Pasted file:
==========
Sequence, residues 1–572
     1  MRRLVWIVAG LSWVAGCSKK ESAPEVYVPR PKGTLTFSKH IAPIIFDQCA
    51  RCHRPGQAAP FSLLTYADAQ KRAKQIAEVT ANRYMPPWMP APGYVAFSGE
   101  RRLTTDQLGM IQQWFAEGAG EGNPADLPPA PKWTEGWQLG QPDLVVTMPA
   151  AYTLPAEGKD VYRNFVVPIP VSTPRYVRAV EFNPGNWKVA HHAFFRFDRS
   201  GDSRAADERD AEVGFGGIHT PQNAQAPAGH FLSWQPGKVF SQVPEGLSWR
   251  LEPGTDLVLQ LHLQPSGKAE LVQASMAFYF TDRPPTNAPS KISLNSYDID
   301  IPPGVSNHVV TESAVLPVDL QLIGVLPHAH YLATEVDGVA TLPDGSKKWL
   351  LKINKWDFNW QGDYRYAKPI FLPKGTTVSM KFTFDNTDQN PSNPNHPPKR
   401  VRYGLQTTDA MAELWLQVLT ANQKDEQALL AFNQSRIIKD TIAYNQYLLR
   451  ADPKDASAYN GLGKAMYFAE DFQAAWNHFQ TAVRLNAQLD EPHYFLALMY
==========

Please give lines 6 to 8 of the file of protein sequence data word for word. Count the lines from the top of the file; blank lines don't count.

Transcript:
   201  GDSRAADERD AEVGFGGIHT PQNAQAPAGH FLSWQPGKVF SQVPEGLSWR
   251  LEPGTDLVLQ LHLQPSGKAE LVQASMAFYF TDRPPTNAPS KISLNSYDID
   301  IPPGVSNHVV TESAVLPVDL QLIGVLPHAH YLATEVDGVA TLPDGSKKWL